Toddy, a popular alcoholic drink made from the fermented sap of the coconut flower, is not subject to taxes.
But it is also used to manufacture a stronger drink known as arrack, which is about 35 per cent alcohol by volume and which is taxed.
Government spokesman Gayantha Karunathilaka said an easing of regulations on the industry six years ago had led to an increase in production, but tax revenues had declined because there was no mechanism for monitoring production.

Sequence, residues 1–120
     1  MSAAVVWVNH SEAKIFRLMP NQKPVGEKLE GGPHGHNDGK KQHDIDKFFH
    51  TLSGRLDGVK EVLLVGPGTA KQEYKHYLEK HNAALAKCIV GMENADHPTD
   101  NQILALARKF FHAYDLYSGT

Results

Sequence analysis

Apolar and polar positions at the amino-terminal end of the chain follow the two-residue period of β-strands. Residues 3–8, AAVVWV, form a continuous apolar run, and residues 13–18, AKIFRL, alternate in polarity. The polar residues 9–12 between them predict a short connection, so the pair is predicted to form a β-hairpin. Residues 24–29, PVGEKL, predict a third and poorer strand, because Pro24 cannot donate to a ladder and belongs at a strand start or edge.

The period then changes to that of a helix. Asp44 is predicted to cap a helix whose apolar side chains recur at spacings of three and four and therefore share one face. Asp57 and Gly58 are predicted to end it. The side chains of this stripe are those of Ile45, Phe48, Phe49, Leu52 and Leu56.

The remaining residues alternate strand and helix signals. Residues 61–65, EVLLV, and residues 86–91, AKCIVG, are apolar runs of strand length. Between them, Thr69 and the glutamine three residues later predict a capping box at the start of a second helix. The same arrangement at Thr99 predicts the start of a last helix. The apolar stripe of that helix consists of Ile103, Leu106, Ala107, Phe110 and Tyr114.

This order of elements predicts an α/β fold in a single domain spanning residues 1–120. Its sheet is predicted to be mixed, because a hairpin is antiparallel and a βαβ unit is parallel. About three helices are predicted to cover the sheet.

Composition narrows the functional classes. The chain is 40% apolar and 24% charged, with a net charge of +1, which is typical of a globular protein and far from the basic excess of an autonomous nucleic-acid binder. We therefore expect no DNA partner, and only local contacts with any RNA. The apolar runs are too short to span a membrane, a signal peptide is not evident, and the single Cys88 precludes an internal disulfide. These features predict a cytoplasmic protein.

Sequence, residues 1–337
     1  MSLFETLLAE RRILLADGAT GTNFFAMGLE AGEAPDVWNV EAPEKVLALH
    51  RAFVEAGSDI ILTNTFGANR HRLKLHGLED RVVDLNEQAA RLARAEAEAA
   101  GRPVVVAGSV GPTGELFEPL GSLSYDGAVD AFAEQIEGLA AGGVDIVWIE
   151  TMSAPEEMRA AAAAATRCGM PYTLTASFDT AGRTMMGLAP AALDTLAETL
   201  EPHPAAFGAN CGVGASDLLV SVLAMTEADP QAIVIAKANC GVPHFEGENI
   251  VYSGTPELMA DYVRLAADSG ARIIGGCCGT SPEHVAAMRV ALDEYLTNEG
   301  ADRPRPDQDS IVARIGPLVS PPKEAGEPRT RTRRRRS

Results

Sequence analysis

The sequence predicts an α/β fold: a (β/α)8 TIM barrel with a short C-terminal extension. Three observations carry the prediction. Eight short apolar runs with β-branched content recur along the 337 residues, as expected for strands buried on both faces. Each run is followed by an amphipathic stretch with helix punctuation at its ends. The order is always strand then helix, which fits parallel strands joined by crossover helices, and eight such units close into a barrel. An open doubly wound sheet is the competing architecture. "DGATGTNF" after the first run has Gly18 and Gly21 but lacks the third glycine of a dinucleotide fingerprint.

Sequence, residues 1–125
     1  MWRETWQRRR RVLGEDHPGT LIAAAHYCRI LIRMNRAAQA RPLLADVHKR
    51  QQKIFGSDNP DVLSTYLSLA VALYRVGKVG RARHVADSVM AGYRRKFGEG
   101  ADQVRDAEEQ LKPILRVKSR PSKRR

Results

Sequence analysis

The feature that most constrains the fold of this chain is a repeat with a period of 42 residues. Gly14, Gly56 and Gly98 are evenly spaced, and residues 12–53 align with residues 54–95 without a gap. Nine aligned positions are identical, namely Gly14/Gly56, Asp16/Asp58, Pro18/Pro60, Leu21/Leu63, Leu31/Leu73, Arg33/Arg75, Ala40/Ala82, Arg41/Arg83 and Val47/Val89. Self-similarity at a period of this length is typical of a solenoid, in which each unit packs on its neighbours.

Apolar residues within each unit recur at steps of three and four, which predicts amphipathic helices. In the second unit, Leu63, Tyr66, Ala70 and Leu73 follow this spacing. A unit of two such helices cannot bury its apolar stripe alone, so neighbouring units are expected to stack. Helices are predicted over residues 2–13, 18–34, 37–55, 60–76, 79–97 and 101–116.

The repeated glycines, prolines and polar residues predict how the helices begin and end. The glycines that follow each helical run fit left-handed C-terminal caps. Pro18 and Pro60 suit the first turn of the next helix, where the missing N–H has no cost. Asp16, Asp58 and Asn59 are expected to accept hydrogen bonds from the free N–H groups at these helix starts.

He said the government would introduce new laws and start monitoring the quantity of toddy harvested in Sri Lanka, which heavily taxes alcohol.
"Under the new laws, there will be a regulatory mechanism to monitor toddy production and collect taxes accordingly," Karunathilaka said.
Sri Lanka once had around 50,000 toddy tappers, who climb coconut trees at dawn to collect the milky white sap from coconut flowers.
That has fallen to an estimated 7,000 and practitioners say the craft is dying as young Sri Lankans are put off by the low wages and high risk.
Toddy tappers often fall, particularly during monsoon rains or in windy weather.
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